I hear this complaint a lot, but I think it has more to do (ironically) with style than substance.  Some people (wonks) prefer the style of discussing details on the stump while other prefer discussing the big picture.  But they all have details available if anyone is interested.

Now, go to a Republican web site to learn the true meaning of vague.


[ Parent ]
Low-information voters yo. (4.00 / 1)
You know there are plenty of voters who have just seen a little bit of the candidates on CNN.  Among them, there are blue-collar guys, and probably some older people too, who are just more comfortable with Edwards the Southern White Guy than with either of the others.

A lot of them are going to break for "the Clintons" were Edwards to drop out.  In the blogosphere, it's all high-information voters for Edwards and most of them seem prepared to break Obama should they have to, but Edwards' low-information voters are not all that similar to his high-information voters.


[ Parent ]
Second Choices (4.00 / 1)
It is getting to the point that knowing who Edwards's supports support as a second choice would be very useful in decided who he would help by dropping out.  I can make the argument either way for who his supporters would go to if he dropped out.  I talked to a friend who canvasses for Edwards in Iowa, he said that many of Edwards's supporters were undecided between Clinton and Obama.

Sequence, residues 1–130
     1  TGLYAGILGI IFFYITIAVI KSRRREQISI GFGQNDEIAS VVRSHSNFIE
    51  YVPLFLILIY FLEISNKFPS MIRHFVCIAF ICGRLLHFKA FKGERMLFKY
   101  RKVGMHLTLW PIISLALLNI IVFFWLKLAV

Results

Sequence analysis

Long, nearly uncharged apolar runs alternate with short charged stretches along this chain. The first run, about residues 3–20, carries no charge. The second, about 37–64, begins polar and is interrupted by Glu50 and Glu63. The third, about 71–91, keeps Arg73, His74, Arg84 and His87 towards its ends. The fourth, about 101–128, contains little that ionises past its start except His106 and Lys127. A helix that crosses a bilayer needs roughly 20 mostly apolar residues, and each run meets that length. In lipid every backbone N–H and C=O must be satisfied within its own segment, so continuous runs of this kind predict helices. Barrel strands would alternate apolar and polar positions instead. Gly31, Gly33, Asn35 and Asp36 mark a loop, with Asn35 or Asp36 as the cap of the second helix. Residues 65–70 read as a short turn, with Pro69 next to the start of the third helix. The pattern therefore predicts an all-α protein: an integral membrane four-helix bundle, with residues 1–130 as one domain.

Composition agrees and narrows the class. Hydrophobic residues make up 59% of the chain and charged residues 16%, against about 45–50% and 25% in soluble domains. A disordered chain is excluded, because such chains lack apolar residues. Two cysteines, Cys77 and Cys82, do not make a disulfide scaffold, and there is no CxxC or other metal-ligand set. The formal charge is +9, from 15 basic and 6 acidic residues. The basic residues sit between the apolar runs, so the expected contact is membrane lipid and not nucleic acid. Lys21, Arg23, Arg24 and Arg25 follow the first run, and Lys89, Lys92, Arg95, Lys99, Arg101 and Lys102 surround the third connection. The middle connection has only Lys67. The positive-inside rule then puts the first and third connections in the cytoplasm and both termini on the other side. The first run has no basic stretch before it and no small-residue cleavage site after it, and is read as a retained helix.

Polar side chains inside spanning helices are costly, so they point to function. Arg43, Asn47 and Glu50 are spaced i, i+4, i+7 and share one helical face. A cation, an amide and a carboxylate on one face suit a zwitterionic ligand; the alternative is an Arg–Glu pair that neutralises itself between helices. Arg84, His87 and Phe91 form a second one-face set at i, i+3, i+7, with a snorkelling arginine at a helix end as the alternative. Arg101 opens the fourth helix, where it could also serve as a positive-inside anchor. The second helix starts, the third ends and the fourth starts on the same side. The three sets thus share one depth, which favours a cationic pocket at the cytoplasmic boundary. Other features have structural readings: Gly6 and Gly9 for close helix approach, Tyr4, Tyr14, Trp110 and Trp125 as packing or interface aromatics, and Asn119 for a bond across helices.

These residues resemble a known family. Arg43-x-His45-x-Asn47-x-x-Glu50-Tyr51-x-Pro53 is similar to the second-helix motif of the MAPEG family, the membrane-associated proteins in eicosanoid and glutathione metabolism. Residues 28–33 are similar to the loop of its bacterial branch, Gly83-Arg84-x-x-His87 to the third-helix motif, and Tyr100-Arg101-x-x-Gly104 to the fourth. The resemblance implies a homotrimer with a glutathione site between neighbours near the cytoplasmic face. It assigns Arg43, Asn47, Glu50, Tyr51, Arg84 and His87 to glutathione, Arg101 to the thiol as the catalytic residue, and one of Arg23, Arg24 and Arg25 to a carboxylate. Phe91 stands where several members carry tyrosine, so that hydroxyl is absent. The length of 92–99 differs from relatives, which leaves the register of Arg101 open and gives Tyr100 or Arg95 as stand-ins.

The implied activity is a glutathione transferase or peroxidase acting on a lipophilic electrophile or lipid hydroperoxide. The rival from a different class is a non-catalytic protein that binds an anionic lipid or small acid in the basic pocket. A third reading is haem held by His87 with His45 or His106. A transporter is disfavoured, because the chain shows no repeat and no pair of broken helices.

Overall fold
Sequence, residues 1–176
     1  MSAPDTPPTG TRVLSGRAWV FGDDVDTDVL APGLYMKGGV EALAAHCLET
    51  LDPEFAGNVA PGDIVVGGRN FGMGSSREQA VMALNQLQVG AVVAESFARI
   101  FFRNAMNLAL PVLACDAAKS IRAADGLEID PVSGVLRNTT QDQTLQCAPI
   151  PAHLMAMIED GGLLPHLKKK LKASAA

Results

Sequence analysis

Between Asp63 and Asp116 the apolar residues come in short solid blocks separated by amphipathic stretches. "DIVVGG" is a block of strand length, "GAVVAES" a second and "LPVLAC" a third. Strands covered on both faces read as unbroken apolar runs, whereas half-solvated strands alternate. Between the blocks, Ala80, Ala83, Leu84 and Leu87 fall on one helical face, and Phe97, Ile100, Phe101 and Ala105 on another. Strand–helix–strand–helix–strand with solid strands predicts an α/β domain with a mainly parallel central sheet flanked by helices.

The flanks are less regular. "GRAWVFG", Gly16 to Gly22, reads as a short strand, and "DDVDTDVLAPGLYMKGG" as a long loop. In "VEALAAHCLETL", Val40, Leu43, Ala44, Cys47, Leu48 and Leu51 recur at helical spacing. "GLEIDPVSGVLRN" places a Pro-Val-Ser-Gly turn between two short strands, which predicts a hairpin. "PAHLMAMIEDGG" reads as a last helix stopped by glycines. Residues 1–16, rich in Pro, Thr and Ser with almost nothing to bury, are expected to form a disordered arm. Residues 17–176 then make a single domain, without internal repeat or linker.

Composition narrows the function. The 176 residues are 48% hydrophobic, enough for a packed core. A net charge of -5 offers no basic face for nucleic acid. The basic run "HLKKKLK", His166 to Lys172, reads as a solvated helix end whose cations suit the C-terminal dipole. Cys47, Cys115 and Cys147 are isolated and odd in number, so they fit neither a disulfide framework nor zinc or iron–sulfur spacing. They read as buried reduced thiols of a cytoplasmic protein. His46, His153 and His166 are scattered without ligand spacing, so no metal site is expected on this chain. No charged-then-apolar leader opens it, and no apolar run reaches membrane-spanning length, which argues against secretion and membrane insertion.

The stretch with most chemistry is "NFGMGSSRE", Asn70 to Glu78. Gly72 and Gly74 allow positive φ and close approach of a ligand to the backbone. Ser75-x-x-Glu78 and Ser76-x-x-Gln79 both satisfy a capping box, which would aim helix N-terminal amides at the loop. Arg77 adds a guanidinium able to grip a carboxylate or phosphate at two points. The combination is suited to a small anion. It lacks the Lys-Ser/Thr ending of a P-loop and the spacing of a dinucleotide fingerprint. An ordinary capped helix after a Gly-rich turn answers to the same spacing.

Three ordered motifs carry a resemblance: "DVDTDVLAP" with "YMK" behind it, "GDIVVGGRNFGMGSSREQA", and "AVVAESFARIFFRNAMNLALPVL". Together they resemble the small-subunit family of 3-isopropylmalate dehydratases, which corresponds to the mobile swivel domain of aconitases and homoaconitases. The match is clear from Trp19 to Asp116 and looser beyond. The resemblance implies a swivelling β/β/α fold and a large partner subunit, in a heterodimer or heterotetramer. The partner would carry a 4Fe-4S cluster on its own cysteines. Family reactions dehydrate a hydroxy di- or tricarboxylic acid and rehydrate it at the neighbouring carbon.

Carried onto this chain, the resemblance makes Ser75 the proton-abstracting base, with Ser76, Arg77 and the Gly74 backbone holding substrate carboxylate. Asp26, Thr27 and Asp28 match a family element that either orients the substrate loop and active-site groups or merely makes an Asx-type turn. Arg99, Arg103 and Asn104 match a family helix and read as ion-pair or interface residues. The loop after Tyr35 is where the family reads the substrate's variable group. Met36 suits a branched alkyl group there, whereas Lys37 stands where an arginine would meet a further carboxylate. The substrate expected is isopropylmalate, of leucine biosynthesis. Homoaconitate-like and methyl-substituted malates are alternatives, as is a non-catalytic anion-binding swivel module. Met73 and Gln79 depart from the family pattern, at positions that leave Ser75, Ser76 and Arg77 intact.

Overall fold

Depending on how we analyze Edwards's coalition we can predict that it goes different ways.  Conversations online are probably biased towards thinking that they will break for Obama because online they probably will.  Offline though, I am not sure.  My sense is that so long as Edwards remains above 15% and thus viable then for the most part he isn't hurting Obama's chances, assuming that he will support Obama at the convention.

It is when Edwards stops wining delegates that he should consider very seriously where his supporters would go, and what he believes is best.

My job is not to represent Washington to you, but to represent you to Washington- Obama
Philly for Obama


[ Parent ]
Reflected in the DKos poll (4.00 / 3)
Your points are good ones.  It does seem that even in the DKos poll that Edwards loss was Hillary's gain, or that Obama's gain from Edwards voters was offset by his loss of some voters to Clinton.

BTW, for participants in the "Obama & Reagan" debate, I suggest you look at Obama's discussions with the SF Chronicle editorial board.  He is much more explicitly progressive here, in effect clarifying the points that bothered people.  They have transcript excerpts, plus audio and video.  Obama's ability to constantly absorb and deal with criticism without being obvious about it is a great strength IMHO, although I understand others will see it as an example of his chameleon-like perfidy.

John McCain--He's not who you think he is.


[ Parent ]
As A White Liberal, Obama Has Done Little To Win (4.00 / 3)